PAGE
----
Public Citizen: Fossil Filled

Cartoon of Secretary of the Interior David Bernhardt

Since the start of the Trump administration, the calendars of top officials at the U.S. Department of the Interior have been filled with meetings involving energy and mining firms and corporate trade groups. Now, these well-connected industries are seeking bailouts and special favors.

On April 3, President Trump, along with Interior Secretary Bernhardt, Energy Secretary Brouillette and several key lawmakers met with energy executives, as Trump pressed Russia and Saudi Arabia for production cuts to stabilize the price war between the two countries that had sent oil prices plunging. In attendance were executives from Continental, Occidental, Phillips 66, Devon Energy, Hilcorp Energy, the American Petroleum Institute, Energy Transfer Partners, Chevron and ExxonMobil.

Much has happened since that April 3rd meeting, including the launch of multiple government-run economic recovery programs that have so far spent more on fossil fuels than on clean energy. It is no wonder that oil, gas, and coal companies are asking for help: due to the coronavirus crisis and worldwide lockdowns, demand for energy has plummeted, and many smaller oil companies, especially domestic firms that rely on fracking have been on the brink of bankruptcy. Many domestic oil and gas producers were already loaded with debt and had unsustainable business models and are now in deep financial trouble.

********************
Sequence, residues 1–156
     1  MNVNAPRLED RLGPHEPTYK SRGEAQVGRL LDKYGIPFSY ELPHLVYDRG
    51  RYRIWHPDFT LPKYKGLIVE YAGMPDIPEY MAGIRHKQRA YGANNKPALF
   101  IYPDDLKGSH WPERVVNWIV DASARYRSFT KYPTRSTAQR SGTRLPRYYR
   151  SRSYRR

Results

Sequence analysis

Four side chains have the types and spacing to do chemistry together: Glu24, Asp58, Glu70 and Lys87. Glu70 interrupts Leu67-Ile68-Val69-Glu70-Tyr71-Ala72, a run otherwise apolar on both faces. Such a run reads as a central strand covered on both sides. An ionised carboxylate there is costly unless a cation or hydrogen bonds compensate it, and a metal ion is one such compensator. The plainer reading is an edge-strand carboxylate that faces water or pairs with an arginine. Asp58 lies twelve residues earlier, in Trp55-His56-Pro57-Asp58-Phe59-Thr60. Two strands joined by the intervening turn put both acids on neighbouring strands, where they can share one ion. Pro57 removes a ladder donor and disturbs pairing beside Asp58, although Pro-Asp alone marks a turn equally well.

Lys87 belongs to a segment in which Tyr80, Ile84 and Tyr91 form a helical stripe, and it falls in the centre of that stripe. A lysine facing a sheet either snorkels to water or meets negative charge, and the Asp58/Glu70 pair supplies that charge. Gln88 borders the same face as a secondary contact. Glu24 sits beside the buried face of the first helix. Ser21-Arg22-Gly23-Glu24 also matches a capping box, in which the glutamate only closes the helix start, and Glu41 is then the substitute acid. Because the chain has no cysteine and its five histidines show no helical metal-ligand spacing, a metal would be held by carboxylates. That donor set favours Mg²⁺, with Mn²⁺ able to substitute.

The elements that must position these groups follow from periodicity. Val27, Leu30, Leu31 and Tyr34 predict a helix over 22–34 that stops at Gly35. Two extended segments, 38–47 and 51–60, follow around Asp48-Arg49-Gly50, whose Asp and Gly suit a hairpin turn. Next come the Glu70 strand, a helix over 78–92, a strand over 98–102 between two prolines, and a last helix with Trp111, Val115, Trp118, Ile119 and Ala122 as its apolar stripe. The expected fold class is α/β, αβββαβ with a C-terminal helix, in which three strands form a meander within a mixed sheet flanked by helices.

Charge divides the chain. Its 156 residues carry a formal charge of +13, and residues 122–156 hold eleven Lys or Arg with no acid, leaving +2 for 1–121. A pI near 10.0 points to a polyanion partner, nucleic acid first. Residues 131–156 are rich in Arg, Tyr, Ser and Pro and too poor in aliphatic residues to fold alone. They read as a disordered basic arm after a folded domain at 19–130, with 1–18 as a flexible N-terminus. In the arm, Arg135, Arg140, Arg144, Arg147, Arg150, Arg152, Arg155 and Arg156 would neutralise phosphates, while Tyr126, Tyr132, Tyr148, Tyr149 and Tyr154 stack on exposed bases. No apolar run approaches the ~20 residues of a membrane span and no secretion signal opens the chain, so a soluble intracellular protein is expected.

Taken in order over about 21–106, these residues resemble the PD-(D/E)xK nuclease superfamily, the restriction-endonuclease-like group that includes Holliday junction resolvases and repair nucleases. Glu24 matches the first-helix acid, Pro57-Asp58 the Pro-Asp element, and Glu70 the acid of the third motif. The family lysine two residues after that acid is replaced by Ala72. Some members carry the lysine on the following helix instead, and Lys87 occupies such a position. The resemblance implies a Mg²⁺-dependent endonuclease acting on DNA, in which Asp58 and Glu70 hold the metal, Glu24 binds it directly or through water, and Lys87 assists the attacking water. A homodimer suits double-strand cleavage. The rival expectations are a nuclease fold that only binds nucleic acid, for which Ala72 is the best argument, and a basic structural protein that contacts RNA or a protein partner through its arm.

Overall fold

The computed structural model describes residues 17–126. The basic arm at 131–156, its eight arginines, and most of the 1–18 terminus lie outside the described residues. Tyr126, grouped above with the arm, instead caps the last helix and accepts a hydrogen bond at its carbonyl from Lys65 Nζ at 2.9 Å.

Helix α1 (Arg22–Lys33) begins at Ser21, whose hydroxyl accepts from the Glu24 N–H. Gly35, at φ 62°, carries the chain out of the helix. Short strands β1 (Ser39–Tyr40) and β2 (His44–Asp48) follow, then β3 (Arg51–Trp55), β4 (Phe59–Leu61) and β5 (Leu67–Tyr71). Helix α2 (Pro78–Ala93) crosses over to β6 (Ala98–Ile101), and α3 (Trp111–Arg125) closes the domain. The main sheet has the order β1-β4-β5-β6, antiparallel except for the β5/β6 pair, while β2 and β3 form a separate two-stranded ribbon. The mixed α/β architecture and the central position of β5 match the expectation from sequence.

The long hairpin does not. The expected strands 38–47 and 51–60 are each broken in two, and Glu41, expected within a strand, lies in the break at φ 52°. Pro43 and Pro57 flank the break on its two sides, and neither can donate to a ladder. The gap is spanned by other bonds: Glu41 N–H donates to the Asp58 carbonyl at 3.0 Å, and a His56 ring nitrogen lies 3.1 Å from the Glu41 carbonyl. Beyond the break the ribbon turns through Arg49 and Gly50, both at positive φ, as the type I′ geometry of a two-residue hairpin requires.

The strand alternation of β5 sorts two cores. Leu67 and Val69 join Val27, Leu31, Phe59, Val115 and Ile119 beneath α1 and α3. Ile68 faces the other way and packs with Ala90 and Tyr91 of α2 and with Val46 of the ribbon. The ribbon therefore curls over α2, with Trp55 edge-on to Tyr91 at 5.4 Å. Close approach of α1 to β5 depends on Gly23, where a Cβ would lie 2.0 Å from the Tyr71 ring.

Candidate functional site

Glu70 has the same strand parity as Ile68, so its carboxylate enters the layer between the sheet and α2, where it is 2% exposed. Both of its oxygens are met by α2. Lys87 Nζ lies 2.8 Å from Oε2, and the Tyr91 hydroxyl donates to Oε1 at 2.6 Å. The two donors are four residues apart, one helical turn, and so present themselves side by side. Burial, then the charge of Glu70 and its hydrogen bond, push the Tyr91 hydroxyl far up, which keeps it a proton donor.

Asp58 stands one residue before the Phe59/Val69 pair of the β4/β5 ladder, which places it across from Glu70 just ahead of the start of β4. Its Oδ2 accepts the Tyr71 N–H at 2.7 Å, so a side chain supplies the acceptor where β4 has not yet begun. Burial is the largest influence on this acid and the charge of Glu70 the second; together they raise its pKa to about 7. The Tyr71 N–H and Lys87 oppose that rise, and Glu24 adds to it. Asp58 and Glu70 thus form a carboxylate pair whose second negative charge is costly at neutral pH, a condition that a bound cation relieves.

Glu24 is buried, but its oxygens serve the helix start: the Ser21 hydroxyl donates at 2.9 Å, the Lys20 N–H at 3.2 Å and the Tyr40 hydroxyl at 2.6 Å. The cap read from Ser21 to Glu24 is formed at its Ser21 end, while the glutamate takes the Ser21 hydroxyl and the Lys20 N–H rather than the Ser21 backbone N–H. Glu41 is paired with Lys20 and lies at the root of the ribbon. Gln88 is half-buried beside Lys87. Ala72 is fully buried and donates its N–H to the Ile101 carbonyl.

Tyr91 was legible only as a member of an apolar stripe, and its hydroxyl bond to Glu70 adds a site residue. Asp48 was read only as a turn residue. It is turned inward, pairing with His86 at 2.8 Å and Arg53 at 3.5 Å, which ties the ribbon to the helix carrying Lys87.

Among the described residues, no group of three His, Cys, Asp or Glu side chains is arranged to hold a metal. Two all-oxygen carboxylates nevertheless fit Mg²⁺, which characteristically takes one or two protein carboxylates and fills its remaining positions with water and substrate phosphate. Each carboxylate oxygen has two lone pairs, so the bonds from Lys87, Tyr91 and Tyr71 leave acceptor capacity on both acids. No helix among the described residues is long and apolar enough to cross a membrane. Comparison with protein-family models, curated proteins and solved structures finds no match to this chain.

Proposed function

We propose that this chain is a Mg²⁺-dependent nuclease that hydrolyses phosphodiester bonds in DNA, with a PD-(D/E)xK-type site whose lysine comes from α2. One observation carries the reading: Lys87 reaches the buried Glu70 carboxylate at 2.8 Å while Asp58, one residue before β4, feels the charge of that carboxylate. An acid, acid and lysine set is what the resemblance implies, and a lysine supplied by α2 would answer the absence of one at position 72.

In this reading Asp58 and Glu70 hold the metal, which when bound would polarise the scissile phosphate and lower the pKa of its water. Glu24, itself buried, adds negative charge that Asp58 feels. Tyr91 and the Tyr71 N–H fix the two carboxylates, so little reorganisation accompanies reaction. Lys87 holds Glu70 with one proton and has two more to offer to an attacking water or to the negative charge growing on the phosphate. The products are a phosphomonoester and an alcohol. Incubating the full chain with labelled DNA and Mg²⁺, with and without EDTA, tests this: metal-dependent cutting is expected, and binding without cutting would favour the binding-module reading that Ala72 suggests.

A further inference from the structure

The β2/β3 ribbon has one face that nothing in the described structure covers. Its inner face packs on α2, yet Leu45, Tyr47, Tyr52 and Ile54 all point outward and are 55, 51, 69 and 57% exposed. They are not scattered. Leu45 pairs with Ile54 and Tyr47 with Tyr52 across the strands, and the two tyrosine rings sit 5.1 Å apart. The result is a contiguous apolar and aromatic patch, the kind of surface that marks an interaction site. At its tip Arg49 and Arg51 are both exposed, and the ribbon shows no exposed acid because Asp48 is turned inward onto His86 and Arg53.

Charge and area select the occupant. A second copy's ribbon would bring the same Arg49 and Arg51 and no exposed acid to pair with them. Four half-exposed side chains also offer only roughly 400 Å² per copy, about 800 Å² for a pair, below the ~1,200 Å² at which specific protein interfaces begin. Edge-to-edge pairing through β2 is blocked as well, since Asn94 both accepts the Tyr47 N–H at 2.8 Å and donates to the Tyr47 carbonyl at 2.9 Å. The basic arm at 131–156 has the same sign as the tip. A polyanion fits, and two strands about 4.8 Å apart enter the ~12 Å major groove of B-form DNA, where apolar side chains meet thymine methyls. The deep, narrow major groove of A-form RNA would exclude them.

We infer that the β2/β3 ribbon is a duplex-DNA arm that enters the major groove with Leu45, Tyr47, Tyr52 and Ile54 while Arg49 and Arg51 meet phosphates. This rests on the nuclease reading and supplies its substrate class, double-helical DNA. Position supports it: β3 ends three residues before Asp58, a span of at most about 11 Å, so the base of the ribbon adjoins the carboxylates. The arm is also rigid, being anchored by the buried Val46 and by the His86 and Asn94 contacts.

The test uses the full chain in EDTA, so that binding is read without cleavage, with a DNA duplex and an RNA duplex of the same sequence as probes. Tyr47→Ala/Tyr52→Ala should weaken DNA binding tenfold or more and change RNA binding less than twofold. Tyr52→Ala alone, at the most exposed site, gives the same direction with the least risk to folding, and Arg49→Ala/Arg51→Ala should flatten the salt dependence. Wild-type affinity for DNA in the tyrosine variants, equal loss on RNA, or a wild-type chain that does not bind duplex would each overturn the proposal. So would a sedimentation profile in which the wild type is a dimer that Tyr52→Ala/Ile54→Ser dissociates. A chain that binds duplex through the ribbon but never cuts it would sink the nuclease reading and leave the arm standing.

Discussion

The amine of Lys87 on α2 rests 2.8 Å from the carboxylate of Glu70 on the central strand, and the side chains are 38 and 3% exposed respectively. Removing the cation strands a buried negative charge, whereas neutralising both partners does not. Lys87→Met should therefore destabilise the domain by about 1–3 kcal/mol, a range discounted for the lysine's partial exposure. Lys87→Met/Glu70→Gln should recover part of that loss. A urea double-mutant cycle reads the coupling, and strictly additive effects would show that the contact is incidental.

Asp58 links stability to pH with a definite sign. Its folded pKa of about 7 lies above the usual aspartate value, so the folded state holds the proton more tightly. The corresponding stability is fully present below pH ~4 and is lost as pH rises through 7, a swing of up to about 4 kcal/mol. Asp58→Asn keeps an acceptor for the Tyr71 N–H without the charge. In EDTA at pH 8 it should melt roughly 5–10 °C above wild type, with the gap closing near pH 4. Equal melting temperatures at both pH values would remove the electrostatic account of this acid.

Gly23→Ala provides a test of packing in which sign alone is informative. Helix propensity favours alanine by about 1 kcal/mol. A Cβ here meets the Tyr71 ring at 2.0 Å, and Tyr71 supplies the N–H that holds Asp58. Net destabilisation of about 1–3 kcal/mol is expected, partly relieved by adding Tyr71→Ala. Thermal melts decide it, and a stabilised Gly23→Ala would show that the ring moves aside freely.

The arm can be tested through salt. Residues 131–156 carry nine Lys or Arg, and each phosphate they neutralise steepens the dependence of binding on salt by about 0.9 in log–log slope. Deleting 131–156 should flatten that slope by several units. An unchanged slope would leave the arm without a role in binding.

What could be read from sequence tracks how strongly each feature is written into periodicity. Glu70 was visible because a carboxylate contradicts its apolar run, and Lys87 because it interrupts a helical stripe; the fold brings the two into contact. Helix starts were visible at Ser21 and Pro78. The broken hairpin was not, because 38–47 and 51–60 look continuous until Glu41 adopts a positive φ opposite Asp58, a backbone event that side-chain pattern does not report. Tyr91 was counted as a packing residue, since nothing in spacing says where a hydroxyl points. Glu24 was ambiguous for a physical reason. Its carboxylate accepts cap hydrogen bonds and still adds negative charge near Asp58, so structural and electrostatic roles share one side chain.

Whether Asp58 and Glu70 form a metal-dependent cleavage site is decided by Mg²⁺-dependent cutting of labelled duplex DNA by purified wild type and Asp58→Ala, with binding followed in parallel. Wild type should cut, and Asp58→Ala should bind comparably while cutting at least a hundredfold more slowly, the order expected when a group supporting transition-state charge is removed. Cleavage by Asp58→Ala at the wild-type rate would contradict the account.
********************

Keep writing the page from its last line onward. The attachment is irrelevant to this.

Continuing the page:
But a new report from Public Citizen shows that fossil fuel interests have been taking up the majority of the Department of the Interior's meetings with external stakeholders during the Trump administration, even before the pandemic began.

In a comprehensive examination of corporate influence on the Interior Department, Public Citizen found that fossil fuel companies and hired lawyers made up 60 percent of the external meetings held with non-government stakeholders on the calendars of Secretary David Bernhardt and five top aides from January 2017 to May 2019. By contrast, conservation groups and renewable energy interests made up only 12 percent of external meetings with top Interior officials.

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